Tel Aviv however has a very different feel. Here you can stay in luxury hotels along the beach, eat in modern restaurants, enjoy air-conditioned shopping malls and find nightlife to rival the best Europe has to offer.
Bethlehem & The Dead Sea – Easily reached from either city, day trips are easy to arrange to Bethlehem (inside the West Bank) for visiting Manger Square and the birthplace of Jesus, and to float 400m below sea level at the unmissable Dead Sea.
Caesarea – Just 45km north of Tel Aviv along the coast, Caesarea was built over 2000 years ago by King Herod as part of the Roman Empire, and named after the Emperor of the time, Caesar Augustus. Full of archaeological finds, the restored amphitheatre is used in the summertime for concerts and other events.
The fertile North of Israel is home to many significant sights and towns, most of which have good accommodation options if you want to stay to explore the area in more detail.
Haifa – The university town of Haifa sits on the coast and is home to the impressive Baha’i Gardens. Built on Mount Carmel, it is visible from the cafes of central Haifa, and is stunning when lit up at night, as well as being a great place to view Haifa from above.
Sea of Galilee – This area is known for being lush and beautiful, and is home to two of Judaism’s four holy cities, Tiberias and Safed. There are also lots of other historical sites like the ruins of the ancient synagogues at Capernaum where Jesus was said to teach.
Masada – You can reach the top of the ancient desert fortress here by cable car, or by walking up the 1300ft to the top as the Romans who attacked the fortress would have done in 73 AD.
Acre – The charming town of Acre is often overlooked by visitors to Israel. With good seafood restaurants nestled in the fortified walls and old tunnels built by the Knights Templar to check out, you can also watch the local kids cooling off on hot days by throwing themselves from the ramparts into the sea.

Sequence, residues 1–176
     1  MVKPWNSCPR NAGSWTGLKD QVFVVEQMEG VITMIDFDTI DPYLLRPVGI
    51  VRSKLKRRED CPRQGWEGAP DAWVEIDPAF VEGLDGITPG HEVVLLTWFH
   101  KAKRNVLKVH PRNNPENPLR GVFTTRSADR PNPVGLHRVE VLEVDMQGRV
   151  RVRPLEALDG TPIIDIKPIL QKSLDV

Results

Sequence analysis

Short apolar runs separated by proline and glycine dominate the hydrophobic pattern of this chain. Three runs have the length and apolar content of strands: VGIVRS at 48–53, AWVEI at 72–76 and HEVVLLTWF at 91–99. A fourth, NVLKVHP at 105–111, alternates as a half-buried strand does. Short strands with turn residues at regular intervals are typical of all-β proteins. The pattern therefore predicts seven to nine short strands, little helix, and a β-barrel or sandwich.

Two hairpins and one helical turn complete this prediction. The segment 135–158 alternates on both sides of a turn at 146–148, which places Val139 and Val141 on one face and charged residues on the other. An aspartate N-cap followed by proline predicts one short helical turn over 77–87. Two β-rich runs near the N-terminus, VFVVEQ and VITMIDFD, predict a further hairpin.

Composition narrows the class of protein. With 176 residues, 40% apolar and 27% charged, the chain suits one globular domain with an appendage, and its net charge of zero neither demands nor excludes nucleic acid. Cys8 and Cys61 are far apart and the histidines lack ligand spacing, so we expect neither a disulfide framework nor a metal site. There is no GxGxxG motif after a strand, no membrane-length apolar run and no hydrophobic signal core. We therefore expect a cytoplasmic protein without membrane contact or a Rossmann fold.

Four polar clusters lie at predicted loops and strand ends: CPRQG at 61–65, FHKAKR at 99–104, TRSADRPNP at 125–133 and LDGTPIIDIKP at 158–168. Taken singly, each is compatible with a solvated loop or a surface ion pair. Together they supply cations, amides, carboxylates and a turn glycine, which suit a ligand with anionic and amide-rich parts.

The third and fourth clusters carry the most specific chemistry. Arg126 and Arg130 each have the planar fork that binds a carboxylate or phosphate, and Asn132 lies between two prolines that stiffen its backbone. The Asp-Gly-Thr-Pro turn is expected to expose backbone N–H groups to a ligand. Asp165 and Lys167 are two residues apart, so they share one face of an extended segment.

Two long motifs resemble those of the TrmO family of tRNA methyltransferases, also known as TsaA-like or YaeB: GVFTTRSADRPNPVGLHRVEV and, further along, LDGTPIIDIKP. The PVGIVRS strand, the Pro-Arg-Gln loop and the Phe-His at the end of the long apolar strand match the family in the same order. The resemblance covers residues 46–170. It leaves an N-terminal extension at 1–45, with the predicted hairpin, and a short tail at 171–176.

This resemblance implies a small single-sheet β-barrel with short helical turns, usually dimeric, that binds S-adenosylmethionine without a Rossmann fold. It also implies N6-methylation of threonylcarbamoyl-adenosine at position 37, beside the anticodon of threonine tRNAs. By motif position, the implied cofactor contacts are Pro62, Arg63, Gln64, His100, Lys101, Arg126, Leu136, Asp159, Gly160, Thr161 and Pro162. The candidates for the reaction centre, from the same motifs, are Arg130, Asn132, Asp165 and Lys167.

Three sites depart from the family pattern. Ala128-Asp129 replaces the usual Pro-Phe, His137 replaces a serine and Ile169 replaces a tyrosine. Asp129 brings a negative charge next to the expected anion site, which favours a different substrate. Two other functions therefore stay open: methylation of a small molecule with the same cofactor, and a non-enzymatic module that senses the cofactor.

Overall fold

Nazareth – Many pilgrims come here to visit the worthwhile Church of the Annunciation, but it is also great to wander around Nazareth’s old market streets, grab a freshly squeezed fruit juice and look for hidden gems.
If you are planning a longer stay in Israel or want to budget more time for relaxing, then Eilat will interest you. Often compared to the Spanish Riviera or maybe Las Vegas, this seaside resort is at the very southern tip of Israel on the Red Sea. Great for scuba diving, snorkel, beaches, and all the usual trappings of a sunny getaway, Eilat is surrounded by the Negev desert and gets 360 days of sun a year.
With so many places to see around Israel, many people opt for the ease and comfort of a guided tour. From Tel Aviv, you can take the Best of Israel 2-Day Tour, which shows you Jerusalem, Bethlehem, Masada and the Dead Sea, including full guided tours of Jerusalem and Bethlehem.
To explore the Northern Israel from Tel Aviv, the Nazareth, Tiberias and Sea of Galilee Day Trip has a full itinerary in the footsteps of Jesus, ending by taking you to the place of his baptism on the Jordan River.
And for those interested in a less conventional trip, the Day Trip from Tel Aviv to Caesarea, Rosh Hanikra and Acre has a great mixture of faiths, history, and the beautiful rock formations at Rosh Hanikra for nature lovers too.
Photos courtesy of Artium Dostman.